Yordan Alvarez is INSANE

INSANE…ly good, that is. That’s the only way you can describe the performance of baseball’s newest offensive sensation, Yordan Alvarez. You might not realize how good he actually has been. If I filter our leaderboard for all rookie seasons since 2000 with at least 220 plate appearances, Alvarez sits atop the list after sorting by wOBA. Of course, it’s easier to do that over 228 plate appearances than the 678 that Aaron Judge did it over two seasons ago when he posted a .430 wOBA. But still, while you can kinda fake an inflated BABIP (Alvarez has a .376 mark), it’s far more difficult to fake a .365 ISO. But how real has his performance been so far?

I don’t know if it was due to a stacked system, he was underrated, or he took such an enormous and unexpected step forward this year, but he was ranked as just the seventh best Astros prospect heading into the season. That ain’t bad, but it’s certainly not the elite ranking you might expect from a guy obliterating the baseball.

While he enjoyed awesome performances at Single-A in 2017 and Double-A in 2018, he suffered some regression during his first taste of Triple-A action last year. It’s probably why he wasn’t ranked higher as a prospect. Rather than continue at that lower, albeit respectable, level, he raised his game back up during his time there this year. He posted an even more absurd .461 wOBA, driven by a not-a-typo .399 ISO and 44.2% HR/FB rate, including 23 dingers in just 213 at-bats. It was out of nowhere given his more pedestrian results at the level last year, but not so compared to what he had done at lower levels.

Obviously, we all know that the outstanding Triple-A performance has carried over to the Majors. Among those with at least 220 plate appearances, his .365 ISO trails just Mike Trout, but his mark leads all actual humans (Trout is not from this world). His HR/FB rate ranks fourth. That’s quite amazing for a rookie, but does my xHR/FB rate equation suggest any sort of good fortune is involved? Let’s find out:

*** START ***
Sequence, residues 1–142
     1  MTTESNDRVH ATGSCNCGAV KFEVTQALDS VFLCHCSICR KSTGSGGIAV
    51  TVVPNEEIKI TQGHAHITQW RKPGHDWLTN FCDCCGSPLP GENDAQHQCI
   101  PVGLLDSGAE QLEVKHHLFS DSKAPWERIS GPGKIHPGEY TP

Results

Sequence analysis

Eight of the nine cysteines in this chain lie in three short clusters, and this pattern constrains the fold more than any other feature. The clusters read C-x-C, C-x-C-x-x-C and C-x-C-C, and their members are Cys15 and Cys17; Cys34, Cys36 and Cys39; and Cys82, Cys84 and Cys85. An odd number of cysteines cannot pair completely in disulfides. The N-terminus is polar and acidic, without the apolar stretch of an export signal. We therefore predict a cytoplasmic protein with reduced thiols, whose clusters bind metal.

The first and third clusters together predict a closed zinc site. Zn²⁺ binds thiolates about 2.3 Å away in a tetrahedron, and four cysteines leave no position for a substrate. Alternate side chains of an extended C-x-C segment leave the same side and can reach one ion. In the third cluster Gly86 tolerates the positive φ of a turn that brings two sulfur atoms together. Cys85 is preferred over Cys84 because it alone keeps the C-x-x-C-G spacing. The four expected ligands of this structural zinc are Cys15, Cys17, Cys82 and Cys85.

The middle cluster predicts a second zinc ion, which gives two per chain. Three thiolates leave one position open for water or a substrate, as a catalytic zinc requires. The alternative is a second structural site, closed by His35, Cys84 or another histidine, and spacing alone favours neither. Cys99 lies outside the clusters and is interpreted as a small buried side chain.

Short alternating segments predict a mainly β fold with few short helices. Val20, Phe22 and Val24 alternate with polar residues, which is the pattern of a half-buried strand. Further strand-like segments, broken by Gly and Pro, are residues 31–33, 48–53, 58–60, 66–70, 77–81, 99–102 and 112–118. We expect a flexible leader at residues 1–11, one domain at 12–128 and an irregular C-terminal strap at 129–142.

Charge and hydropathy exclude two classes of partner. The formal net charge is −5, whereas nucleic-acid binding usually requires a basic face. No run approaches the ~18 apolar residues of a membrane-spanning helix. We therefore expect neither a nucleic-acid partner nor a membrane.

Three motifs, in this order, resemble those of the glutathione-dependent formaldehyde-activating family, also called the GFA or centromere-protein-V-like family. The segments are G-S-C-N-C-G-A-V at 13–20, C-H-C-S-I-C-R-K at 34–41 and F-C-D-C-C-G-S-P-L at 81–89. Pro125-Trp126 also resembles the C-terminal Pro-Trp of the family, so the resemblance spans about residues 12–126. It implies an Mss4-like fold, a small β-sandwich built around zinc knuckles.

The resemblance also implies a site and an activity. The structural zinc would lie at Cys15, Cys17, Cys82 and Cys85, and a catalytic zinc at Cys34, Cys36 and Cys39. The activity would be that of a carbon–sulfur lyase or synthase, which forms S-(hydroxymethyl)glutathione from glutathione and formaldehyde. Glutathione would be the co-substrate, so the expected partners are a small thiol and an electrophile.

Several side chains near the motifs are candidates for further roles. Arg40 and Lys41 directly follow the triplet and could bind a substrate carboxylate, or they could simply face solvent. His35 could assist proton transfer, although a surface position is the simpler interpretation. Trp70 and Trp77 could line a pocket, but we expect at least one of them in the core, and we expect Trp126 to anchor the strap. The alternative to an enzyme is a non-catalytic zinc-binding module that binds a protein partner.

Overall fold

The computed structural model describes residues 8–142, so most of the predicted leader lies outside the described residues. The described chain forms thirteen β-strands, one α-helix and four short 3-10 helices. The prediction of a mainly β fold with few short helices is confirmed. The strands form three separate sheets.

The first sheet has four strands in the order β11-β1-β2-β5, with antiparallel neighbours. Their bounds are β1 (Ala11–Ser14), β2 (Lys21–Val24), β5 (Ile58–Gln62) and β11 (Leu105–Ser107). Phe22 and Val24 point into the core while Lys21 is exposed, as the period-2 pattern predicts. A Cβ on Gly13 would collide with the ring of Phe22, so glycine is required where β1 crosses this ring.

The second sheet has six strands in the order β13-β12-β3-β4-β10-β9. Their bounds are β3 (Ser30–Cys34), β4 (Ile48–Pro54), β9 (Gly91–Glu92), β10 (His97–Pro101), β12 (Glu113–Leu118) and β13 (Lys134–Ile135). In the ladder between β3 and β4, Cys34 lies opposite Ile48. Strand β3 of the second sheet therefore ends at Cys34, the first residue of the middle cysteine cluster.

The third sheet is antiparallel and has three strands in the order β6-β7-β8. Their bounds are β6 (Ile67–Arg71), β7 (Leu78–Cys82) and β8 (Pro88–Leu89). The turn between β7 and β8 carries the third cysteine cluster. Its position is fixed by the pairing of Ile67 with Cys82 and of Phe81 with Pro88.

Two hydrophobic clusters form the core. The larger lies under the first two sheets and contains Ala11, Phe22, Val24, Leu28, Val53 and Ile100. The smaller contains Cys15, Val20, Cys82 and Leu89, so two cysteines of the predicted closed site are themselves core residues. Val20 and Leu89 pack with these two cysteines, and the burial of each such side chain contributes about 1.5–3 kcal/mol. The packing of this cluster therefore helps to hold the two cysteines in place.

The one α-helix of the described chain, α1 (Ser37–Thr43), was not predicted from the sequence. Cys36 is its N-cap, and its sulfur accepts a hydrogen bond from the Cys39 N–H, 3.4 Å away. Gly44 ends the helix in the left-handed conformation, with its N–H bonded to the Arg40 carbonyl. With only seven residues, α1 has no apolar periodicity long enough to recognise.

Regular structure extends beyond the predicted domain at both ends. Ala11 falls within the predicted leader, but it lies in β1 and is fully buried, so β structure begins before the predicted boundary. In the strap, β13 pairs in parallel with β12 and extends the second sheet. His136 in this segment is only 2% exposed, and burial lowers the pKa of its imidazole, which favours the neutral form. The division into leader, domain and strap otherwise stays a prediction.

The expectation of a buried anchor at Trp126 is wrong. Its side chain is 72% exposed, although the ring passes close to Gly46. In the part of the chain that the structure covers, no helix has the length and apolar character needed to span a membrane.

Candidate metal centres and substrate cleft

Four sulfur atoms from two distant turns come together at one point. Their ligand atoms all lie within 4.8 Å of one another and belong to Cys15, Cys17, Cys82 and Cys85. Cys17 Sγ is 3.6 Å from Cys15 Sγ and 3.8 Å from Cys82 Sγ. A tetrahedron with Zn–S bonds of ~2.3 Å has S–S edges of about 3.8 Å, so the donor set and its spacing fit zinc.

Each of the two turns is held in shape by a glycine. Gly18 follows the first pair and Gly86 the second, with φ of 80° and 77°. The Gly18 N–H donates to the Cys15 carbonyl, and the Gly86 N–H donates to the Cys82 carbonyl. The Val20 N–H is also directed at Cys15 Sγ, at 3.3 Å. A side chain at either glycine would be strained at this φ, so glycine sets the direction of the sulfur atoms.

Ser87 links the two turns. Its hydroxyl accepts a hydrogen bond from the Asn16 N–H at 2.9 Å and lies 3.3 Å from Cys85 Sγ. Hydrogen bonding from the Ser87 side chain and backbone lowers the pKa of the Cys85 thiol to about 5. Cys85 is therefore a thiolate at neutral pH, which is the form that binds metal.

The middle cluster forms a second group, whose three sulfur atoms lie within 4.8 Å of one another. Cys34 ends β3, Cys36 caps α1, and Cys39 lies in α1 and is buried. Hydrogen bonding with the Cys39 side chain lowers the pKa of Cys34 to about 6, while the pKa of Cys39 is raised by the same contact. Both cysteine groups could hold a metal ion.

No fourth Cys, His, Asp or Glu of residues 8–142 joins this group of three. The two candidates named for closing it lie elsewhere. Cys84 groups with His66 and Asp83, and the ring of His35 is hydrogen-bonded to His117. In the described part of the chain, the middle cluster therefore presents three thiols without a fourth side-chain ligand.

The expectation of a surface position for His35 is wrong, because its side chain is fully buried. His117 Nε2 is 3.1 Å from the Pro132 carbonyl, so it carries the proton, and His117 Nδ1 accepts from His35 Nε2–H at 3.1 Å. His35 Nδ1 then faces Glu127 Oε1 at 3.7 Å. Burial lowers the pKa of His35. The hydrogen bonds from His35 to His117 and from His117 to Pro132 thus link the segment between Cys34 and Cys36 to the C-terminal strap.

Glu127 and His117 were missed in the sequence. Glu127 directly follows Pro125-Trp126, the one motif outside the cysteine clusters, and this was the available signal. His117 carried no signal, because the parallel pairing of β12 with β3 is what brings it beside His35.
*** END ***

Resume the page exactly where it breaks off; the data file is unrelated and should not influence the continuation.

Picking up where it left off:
Brls/True FB FB Pull% FB Oppo% Avg FB Distance HR/FB xHR/FB
47.3% 28.6% 32.1% 343 33.9% 29.6%

To begin, that’s a mammoth barrels per true fly ball rate. That pairs well with a strong average fly ball distance mark. Lastly, his fly ball pull percentage is above the league average, though not significantly so. We can clearly say that his 29.6% xHR/FB rate is driven more by his ability to barrel his flies and hit them far than any dramatic pull tendency. Overall, you see his expected mark marginally below his actual HR/FB rate. You have to realize that it’s really, really hard to demonstrate a true talent 33.9% HR/FB rate, or even anything above 30%. The fact that his xHR/FB rate is knocking on 30%’s door fully validates that he has been a true powerhouse.

Of course, you have to remember that just because these metrics support his current performance doesn’t automatically mean he could sustain those underlying metrics. So for now, we could only say that his home run performance has been real, but that doesn’t necessarily mean it will continue. He’ll still need to adjust to pitchers’ adjustments and barrel up those flies and whack them far.